Zuckerberg: Time to end the quest for a Theory of Everything

Meta CEO Mark Zuckerberg at Sweden’s Knörklund Institute for Alternative Science Studies. (Photo courtesy Meta)

[Note: The day after I posted this spoof, a panel of scientists actually discussed this very some topic. The link is below.]

Stockholm, January 9 — It has been the Holy Grail of quantum physics since Albert Einstein and Niels Bohr clashed over the nature of reality: the quest to reconcile General Relativity and the Standard Model of the atom in one unifying “Theory of Everything.” Despite numerous attempts by quantum physicists over the past 100 years, virtually no progress has been made. Facebook founder Mark Zuckerberg, speaking at a conference in Stockholm, has called for the quantum physics community to end what he called “this endless quest” and to explore new territories.

Zuckerberg addressed the conference on metaverse physics on Saturday at Sweden’s Knörklund Institute for Alternative Physics Studies, located across the street from the Royal Swedish Academy of Sciences. Conference spokesperson Maria Uruchelli said the Knörklund Institute had organized the meeting to endorse Zuckerberg’s proposal. “If we as scientists can’t see a reasonable path forward and develop a coherent Theory of Everything, we should say so,” she said. “With the metaverse we have entered a new era.”

Speaking to the Swedish media, Zuckerberg said that ending the search for a Theory of Everything should be welcomed by the quantum physics community. “There is no shame in just saying ‘No, we can’t do it.’ It takes a heavy load off their shoulders. What I like to see is that the quantum physics community focuses its research on the next frontier: the Metaverse. We know very little about the Metaverse. We do know that our survival as a species depends on it.”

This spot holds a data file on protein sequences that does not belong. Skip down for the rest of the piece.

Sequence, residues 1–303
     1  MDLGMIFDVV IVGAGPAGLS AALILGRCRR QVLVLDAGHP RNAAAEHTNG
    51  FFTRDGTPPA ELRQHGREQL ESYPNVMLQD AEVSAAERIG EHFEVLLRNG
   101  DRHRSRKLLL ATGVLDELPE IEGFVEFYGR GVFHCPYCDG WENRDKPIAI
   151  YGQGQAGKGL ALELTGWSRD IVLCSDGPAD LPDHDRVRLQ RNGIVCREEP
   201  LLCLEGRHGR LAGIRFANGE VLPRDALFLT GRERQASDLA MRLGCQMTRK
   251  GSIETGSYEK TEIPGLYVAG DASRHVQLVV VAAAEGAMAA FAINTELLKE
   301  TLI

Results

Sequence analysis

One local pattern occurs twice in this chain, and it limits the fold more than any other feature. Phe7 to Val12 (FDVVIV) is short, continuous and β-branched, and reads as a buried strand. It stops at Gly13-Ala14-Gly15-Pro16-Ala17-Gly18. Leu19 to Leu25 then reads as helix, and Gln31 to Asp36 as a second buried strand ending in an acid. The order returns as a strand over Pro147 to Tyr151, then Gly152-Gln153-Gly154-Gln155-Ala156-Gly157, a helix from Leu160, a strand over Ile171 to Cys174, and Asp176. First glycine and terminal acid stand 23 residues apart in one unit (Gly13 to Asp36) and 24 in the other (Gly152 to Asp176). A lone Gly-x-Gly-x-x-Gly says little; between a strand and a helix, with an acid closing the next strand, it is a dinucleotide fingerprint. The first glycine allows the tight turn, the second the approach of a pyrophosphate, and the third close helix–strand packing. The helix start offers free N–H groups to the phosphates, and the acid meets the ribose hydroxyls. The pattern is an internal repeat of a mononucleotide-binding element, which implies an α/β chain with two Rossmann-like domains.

Hiroshi Nakamura, quantum physicist at Tokyo’s Hashibashi Science Institute, who attended the meeting virtually from Japan, supports Zuckerberg’s landmark proposal. “Quantum physics needed to hear this powerful voice,” he said. “Frankly, we got lost in math and in the terminology. We were stringing ever more complex equations together. We used words like ‘space’ and ‘matter’ in a Newtonian sense and came up with fuzzy concepts like ‘empty space’ and ‘dark matter.’ We now realize that a word like space means different things to Einstein, Frank Lloyd Wright, and John Glenn.”

“The realization that ours is not the only universe was a humbling experience,” said Xiangy Zi Yang, a physics professor at Shanghai State University. Yang decided to close his theoretical quantum physics department. It will reopen later this year and offer courses in metaverse physics. Asked by a reporter to speculate on the law of physics we are likely to find in the metaverse, Zi Yang was cautious. “We don’t know yet. We are launching a rocket next year, Meta 1.0, to explore metaspace. But that’s just the beginning of a long process.”

Media attending the press conference of Meta CEO Mark Zuckerberg at Sweden’s Knörklund Institute for Alternative Science Studies calling for the end to the search for a Theory of Everything. They were given a demonstration of sit-down comedy in the metaverse. (Photo courtesy Meta)

Zuckerberg said he would help facilitate the physics community to transition to metaverse physics by funding a new Meta Learning Center, provisionally called the Einstein-Bohr Reconciliation Institute (EBRI). Asked how Bohr and Einstein would have responded to halting the quest for a Theory of Everything, Zuckerberg said he was virtually certain they would have welcomed it with open arms. “They had enormous respect for the mysteries of the universe,” he said. “So we’re confident they will enjoy exploring the metaverse and creating pathways from one metaverse to another. Our rebranded company, Meta, will bring the metaverse to life and help people connect, find new communities and grow their businesses.”

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By dispatch

“Should we abandon the dream of a theory of everything and see it as an illusion born of hubris? Is the mistake not with the idea of a full explanation, but with the idea of ‘everything’, or as the Greeks would have said ‘the One’? Or is it just possible that as Stephen Hawking once believed a theory of everything is just round the corner?”

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